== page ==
By Lucian Krukowski
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Additional resources for Art and concept: a philosophical study
The "limits of art," here, becomes an issue withinrather than acrosshistorical contexts. In chapter 5 I reframe this discussion of limits into one about ends, specifically, about whether and how the status of artwork may be lost. " I theorize that artworks enjoy certain (aesthetic) rights and that such rights may conflict with other (nonaesthetic) rights that pertain to entities that are nonworks. These conflicts, in various ways, affect both the ontological status of the work and its duration.
The concept I primarily ascribe to the European phase is "artistic progress" which I locate in the aesthetics of Hegel. I develop this concept through a linkage with such other concepts as abstract and nonobjective art, social and spiritual ideals. " The artists whose work I emphasize here are Piet Mondrian and Wassily Kandinsky. My discussion of the American avant-garde, in contrast, begins by tracing the concept of form from its roots in the Kantian aesthetics of beauty through its successive linkages with other concepts: genius, creativity, and self-expression.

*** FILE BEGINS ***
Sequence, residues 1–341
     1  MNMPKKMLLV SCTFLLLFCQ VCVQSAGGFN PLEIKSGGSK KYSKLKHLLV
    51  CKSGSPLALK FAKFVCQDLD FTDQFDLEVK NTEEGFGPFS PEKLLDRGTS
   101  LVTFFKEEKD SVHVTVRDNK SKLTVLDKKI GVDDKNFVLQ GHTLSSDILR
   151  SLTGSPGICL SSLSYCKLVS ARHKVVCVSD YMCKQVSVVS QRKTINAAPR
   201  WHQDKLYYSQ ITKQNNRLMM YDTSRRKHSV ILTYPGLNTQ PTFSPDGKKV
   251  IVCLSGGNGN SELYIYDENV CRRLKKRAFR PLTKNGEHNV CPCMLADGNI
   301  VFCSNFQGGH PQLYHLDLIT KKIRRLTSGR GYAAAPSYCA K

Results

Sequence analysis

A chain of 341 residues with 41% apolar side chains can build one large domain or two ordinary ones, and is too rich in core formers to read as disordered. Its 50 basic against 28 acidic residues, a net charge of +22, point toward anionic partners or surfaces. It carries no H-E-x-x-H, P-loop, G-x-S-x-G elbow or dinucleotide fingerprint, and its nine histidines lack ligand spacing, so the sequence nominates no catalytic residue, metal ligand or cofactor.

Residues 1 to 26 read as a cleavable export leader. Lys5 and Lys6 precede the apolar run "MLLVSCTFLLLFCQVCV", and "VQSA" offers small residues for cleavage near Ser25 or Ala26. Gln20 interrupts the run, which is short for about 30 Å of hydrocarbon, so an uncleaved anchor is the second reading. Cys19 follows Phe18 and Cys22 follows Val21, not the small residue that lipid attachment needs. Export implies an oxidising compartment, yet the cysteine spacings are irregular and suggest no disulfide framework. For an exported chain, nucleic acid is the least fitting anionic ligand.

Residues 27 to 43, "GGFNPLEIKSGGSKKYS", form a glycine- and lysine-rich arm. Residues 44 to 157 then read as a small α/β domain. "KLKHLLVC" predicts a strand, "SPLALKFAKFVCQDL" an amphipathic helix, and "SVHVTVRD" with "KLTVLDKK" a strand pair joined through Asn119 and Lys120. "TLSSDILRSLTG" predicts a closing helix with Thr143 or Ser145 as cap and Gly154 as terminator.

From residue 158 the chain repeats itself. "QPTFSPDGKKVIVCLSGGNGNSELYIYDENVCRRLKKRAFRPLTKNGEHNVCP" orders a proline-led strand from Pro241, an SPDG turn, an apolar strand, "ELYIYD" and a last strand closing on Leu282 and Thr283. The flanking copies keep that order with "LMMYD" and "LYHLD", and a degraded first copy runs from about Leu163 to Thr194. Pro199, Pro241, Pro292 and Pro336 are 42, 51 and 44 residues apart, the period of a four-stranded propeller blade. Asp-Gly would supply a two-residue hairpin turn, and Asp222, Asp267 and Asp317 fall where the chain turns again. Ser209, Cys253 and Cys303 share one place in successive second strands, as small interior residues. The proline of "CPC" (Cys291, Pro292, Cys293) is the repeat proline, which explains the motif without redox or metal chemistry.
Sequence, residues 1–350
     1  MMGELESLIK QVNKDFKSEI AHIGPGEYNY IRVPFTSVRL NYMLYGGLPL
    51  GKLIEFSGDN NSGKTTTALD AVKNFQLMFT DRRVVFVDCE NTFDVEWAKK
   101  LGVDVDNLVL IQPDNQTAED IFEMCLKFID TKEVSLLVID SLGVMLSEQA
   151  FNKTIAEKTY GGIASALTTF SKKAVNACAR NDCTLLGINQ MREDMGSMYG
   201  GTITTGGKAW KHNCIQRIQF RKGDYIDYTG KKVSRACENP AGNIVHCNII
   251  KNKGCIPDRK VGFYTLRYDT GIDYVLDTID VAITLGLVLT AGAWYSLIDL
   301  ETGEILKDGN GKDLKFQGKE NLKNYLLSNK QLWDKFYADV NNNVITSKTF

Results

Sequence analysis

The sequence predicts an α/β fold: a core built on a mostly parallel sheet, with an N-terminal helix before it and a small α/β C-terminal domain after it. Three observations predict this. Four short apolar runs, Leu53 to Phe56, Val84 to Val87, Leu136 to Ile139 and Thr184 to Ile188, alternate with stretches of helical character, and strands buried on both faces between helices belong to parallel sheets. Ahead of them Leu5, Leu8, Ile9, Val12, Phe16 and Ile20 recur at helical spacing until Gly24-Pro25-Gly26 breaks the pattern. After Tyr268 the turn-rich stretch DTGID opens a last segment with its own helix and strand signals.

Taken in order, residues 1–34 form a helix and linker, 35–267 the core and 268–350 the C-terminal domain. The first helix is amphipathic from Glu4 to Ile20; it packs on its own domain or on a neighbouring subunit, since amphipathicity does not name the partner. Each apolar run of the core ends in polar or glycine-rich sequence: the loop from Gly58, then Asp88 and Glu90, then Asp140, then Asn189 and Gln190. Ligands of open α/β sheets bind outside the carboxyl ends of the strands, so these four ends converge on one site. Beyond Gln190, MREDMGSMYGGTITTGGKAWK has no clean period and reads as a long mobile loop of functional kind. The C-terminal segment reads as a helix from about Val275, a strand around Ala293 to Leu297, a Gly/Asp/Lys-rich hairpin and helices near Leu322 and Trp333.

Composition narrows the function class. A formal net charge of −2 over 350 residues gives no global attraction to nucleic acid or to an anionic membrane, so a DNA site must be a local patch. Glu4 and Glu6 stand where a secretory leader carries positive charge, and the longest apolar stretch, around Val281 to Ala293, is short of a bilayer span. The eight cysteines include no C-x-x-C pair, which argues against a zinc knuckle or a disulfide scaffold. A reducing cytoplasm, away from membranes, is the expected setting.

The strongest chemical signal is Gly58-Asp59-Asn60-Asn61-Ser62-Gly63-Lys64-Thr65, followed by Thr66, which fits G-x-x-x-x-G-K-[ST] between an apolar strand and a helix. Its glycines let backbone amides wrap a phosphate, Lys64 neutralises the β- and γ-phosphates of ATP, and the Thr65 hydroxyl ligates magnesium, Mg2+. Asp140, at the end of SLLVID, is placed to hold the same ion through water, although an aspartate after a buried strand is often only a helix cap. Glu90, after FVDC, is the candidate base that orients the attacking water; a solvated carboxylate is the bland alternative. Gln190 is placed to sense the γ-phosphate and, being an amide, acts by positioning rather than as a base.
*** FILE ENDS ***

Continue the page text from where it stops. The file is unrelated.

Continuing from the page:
In the latter case we find, as in romantic art, that painting's illusionistic accomplishments are superseded by the notational and temporal freedom of music which, in turn, gives way to poetry's direct appeal to the imagination. However, where Hegel identifies classical sculpture as not only the dominant form of its time but as the "most perfect" art, he establishes still another criterion of value, one by which the later romantic arts are found lacking. His standpoint shifts from art-in-culture to art-as-art, for the perfection of sculpture is found in the equivalence of its balance between sensuality and spirit.